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Well Sasanian are listed under Greek....


panzerman

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I was eyeing the handful of Indo Sassanians flanking that one but decided not to bid on anything. I noticed that one - is it an official mint product or an imitation? Style seemed very questionable to me!

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I am not even sure if Sassanians struck gold coins....I heard from someone but don't remember who that almost all of the Sassanian gold coins that are offered are fake/imitations. Don't know if that statement is true or not...

 

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2 minutes ago, Finn235 said:

It was the Parthians who didn't strike gold. Sassanian gold is fairly common.

It's probably the Parthians' fault that the Sasanids are listed under Greek. The Parthians started out Hellenistic, following on from the Seleucids. The Sasanians were the bit in the middle before the arrival of Islam.

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Thanks, @Deinomenid, for clarifying that point.  Examples in gold are the last thing that ever shows up on the market.

To @JAZ Numismatics's point, all I have in print is Gobl (wish I'd evolved to the level of knowing how to type an umlaut).  But he notes that "the minting of gold was essentially a matter of Sasanian prestige and of paying homage to Achaemenid tradition" (p. 27, bottom).  ...Maybe that partly explains what the irreducibly silly tradition of classifying Sasanian as 'Greek' was predicated on.

Along comparable lines, I could go on about what I think about calling Byzantine coins 'ancient.'  But that's already happened.  ...But in both cases, we aren't just talking about the operant chronologies; it's about who, geopolitically, these polities were actually interacting with.  Including ones that no one blinks at characterizing as 'medieval.'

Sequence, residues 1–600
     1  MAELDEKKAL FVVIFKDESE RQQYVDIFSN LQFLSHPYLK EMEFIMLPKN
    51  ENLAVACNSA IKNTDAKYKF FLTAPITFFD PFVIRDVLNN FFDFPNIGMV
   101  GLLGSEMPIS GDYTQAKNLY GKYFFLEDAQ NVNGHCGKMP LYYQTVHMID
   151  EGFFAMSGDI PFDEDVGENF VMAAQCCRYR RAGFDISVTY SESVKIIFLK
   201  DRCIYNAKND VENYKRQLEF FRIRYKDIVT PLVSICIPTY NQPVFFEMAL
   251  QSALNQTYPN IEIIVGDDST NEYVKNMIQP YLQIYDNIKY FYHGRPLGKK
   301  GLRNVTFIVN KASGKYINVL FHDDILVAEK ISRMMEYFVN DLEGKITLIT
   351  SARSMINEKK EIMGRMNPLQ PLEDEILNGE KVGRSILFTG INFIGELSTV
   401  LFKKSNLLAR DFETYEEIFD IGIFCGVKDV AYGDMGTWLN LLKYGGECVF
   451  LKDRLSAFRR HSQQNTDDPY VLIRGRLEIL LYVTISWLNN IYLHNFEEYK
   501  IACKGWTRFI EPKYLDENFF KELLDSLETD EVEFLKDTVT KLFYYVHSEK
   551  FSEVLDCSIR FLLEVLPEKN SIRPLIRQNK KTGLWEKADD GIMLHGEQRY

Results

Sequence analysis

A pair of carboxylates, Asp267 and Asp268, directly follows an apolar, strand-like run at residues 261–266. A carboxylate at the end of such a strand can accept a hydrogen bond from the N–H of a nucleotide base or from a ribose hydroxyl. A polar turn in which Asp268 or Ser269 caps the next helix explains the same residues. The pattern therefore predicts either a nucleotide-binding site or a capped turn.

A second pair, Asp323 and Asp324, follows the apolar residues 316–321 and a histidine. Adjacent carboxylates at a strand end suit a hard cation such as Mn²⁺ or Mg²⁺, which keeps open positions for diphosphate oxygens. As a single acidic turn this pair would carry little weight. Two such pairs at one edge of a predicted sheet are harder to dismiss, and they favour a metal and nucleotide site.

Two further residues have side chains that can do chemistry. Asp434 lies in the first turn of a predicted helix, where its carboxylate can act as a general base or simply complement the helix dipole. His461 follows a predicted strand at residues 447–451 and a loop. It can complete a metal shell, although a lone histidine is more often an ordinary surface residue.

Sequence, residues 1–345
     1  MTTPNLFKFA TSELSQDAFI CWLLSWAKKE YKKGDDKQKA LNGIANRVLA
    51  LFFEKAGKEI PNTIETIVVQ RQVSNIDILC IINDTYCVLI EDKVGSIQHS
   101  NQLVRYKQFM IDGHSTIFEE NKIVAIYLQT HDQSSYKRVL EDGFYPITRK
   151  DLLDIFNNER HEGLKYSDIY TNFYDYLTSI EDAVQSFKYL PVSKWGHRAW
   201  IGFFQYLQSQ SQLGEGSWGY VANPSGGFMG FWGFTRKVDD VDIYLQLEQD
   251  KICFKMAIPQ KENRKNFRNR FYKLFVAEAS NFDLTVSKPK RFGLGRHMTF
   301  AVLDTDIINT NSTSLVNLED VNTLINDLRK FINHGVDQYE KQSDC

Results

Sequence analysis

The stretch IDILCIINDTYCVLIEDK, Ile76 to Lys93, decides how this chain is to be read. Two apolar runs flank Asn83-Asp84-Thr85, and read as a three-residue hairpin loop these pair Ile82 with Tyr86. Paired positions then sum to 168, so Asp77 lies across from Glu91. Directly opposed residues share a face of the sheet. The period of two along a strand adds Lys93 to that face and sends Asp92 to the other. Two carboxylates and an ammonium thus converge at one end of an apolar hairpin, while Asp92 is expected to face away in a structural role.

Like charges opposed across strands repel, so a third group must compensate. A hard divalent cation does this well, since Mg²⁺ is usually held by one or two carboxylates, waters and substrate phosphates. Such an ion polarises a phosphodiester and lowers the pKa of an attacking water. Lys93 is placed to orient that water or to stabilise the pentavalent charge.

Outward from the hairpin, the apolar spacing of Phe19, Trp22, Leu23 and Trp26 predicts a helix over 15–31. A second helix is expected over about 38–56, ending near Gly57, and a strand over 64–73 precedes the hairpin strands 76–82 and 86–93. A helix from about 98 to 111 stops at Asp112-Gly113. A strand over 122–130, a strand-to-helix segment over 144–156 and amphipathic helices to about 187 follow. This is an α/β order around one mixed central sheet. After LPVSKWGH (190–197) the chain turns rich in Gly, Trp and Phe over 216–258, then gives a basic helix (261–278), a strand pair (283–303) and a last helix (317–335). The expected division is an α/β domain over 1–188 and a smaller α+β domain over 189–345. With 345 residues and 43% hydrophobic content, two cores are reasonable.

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3 minutes ago, John Conduitt said:

It's probably the Parthians' fault that the Sasanids are listed under Greek. The Parthians started out Hellenistic, following on from the Seleucids. The Sasanians were the bit in the middle before the arrival of Islam.

To be fair, it can be kind of difficult to draw lines where Persia and Persian-affiliated coins are concerned. I've noticed that CNG differentiates "Eastern Greek" from "Central Asian" based on whether they use Greek or another language. Other auction houses place them under Greek, or sometimes even in the world coins section, between Russia and Spain!

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Thanks for comments/ seems many auction houses lump Cathage/ Lydia/ Persia/ Parthia in with Greek.  Peroz I gold coins seem to have been struck at various mints/ Sasanian Empire. Then there are Huna coins with his portrait too. Kushano-Sasanian Empire has coins with different Peroz!

John

 

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Thanks for the enlightening expansion of the full range involved, @panzerman.  By comparison with Sasanian, even lumping the earlier ones, down to Parthia, makes relative sense....  But, yeah, auction houses should just come clean and expand their categories.  ...Could it be a selling point, by way of getting the attention of people who go straight to Greek?

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i think it sheer laziness/ lumping is less work for them.

 

Even in 10 th. ed. Friedberg "Gold coins of the World" they still omit Sasanian/ Merovingian/ Visigoth gold coinage. Also some Oriental issues from Khymer Kingdom/ Malay States missing.....

 

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On 4/8/2024 at 8:04 PM, Finn235 said:

based on whether they use Greek or another language

I don't think that's how they divide it, CNG puts the coinage of Persis in Oriental Greek and their issues don't use Greek. Indo-Scythian and Kushan coinage use Greek, but those are always in Central Asian.

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